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Bleak House: Samuel Richie and Cecelia Palmtag model Industrial Revolution fashions in 'Hard Times.'

Program Notes

'Hard Times' delivers a skillfully bleak view of the Industrial Revolution

By Sarah Phelan

Sometimes the most useful thing you can have in your hands on the opening night of a theatrical production is the program, which typically contains the cast of characters, and if you're really lucky, a plot summary, plus the director's notes.

Such was the case at Ghostlight Theatre's adaptation of Hard Times, which was Charles Dickens 10th novel. First published as an unillustrated weekly serial, Hard Times delivers an unrelentingly grim sketch of the industrialization, education and utilitarianism that swept England in the 1850s--a scene of such despairing bleakness that escapism-seeking theatergoers could be forgiven for wondering why this, why now? The answer lies in the program notes, which explain the choice thusly:

"As the world is going through the birth pains of a new millennium, and seems hell-bent on re-experiencing the worst excesses of the Industrial Revolution, we, the company members of Ghostlight Theatre, have turned our attention towards Charles Dickens' heated probing of the original event and found his words to be as vigorous and as apt as when they were first committed to paper. ... We have been moved by the lives of the characters in this book, because we recognize that they are also the lives being led by the vast underpaid, under-stimulated multitudes that are putting the clothes upon our backs."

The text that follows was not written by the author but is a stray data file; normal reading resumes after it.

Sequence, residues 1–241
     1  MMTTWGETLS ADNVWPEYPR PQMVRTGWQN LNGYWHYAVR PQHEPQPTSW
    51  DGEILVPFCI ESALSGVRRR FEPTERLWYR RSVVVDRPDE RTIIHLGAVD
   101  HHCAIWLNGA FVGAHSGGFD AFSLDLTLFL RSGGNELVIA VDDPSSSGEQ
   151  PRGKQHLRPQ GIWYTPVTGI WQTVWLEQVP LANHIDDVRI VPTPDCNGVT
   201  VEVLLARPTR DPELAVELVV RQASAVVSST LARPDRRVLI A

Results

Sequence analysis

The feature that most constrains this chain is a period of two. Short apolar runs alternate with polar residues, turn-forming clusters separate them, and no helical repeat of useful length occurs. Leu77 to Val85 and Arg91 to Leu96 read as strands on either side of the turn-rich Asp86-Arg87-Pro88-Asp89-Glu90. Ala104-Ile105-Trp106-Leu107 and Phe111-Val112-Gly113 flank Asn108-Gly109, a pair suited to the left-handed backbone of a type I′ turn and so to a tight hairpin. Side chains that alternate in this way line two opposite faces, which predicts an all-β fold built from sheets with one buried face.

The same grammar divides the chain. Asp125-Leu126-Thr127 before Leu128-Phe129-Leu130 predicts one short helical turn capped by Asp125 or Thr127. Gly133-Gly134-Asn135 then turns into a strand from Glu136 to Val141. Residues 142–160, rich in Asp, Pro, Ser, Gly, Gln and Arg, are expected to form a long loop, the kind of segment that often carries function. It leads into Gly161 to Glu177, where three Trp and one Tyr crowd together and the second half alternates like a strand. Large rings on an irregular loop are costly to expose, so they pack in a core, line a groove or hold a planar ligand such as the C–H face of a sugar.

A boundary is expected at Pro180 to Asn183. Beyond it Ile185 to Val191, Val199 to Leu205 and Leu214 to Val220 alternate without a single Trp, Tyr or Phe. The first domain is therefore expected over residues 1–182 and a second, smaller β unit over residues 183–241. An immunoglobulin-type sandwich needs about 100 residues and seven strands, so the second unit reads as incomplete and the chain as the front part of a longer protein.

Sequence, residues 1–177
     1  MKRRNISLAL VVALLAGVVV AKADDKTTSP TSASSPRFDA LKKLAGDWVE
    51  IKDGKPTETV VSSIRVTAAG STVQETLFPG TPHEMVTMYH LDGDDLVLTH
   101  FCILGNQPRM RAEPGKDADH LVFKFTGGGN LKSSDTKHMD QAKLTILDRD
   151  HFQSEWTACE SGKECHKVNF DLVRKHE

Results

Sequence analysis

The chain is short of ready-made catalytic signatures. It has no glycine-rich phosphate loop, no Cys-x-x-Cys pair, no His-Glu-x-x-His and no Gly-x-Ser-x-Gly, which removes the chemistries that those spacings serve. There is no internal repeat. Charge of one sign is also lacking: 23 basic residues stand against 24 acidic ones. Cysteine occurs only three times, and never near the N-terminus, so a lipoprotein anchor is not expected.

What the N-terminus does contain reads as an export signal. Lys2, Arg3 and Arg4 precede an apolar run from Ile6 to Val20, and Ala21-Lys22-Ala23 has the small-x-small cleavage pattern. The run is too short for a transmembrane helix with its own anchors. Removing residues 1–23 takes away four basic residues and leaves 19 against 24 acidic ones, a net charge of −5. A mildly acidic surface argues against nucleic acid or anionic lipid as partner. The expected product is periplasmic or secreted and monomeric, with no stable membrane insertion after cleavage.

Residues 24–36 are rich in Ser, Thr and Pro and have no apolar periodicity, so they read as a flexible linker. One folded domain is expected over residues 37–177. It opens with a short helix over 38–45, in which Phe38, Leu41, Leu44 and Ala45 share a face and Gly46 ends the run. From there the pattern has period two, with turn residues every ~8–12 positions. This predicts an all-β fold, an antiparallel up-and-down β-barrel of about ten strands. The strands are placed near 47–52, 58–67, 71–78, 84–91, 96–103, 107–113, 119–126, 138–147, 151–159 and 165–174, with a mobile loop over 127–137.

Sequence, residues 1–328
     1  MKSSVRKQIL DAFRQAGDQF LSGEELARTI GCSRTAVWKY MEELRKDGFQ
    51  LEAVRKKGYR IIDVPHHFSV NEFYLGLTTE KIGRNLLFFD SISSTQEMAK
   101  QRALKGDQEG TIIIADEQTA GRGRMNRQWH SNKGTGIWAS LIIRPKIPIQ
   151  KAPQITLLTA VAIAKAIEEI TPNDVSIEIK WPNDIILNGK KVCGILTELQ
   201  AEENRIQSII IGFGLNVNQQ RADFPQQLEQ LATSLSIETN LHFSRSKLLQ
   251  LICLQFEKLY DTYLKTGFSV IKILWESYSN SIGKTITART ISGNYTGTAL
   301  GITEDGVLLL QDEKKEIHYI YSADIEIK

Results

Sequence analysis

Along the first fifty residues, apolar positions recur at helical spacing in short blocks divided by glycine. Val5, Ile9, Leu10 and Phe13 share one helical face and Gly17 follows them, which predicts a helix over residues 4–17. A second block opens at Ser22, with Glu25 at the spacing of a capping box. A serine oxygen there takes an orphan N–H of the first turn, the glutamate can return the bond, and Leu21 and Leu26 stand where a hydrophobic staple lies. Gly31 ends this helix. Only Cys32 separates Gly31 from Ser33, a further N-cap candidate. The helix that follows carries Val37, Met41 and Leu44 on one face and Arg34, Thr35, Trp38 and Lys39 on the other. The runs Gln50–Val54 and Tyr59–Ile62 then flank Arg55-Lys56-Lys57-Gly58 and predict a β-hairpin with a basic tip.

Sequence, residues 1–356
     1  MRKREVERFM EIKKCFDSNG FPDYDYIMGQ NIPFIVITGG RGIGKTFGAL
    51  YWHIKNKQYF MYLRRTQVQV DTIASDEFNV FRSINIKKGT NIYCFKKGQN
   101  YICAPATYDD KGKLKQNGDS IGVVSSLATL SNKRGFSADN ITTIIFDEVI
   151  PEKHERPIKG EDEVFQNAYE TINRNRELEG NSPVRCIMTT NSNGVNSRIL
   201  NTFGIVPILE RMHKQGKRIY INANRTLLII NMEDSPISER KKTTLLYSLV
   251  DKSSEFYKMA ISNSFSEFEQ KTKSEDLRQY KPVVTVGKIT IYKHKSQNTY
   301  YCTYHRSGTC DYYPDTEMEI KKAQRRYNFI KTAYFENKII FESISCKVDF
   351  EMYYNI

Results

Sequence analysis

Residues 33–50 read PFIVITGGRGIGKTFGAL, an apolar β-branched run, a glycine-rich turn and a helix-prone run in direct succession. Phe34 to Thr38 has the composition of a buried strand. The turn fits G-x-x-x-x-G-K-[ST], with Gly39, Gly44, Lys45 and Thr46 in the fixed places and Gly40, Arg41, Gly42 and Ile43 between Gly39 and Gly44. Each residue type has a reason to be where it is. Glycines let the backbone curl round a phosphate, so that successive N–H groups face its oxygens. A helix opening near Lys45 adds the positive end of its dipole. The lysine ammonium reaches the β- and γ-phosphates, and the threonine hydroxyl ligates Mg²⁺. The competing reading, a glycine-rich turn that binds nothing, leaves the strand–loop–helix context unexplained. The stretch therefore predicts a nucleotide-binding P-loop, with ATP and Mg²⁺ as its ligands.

(These are words that make you glad you decided not to wear that "Made in Burma" T-shirt after all, even if it was the only clean thing in your closet.)

That said, you're left wondering how Ghostlight Theatre will transcend the fact that Hard Times is stripped of Dickens' usual humor, rich characterization and subplot, which was one reason the original novel was characterized as "sullen socialism" when it first came out.

The answer to the worthy-isssue-but-depressive-material dilemma lies in director Bill Peters' inventive use of music, props and lighting, and his direction of the cast, two of whom play male and female characters throughout the course of the evening.

Peters himself plays Mr. Bounderby, the affluent and merciless mill owner, who derides the poor for their alleged desire "to be fed turtle soup and venison with a gold spoon."

Mark Bradlyn and Kira Wehe-Moody are credible as Stephen and Rachel, the doomed lovers. Sarah Albertson is solid as Thomas "Stick to the facts!" Gradgrind, and Misti Boettiger is convincing as the daughter Gradgrind sacrifices in marriage. Cecilia Palmtag shines in her dual roles as Cecelia and Harthouse, and Sam Richie pulls off an opportunistic Tom. A special mention goes to Martha Rabin for her baked-potato-and-lamb-chop scene as Mrs. Sparsit--a hilarious moment in an otherwise serious evening that will appeal to those who believe in the message of the old labor song (also printed in the program) that goes: "If we all join together, we can turn it around."


Hard Times. Actors' Theatre, 1001 Center St., Santa Cruz, through June 26. 8pm, Thu­Sat, 3pm, Sun. $15/general, $12/seniors and students; Thursdays are two-for-one. Call 831.425-PLAY. Tickets also available at the Civic Auditorium Box Office at 307 Church St.

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From the June 22-29, 2005 issue of Metro Santa Cruz.

Copyright © 2005 Metro Publishing Inc. Maintained by Boulevards New Media.

For more information about Santa Cruz, visit santacruz.com.




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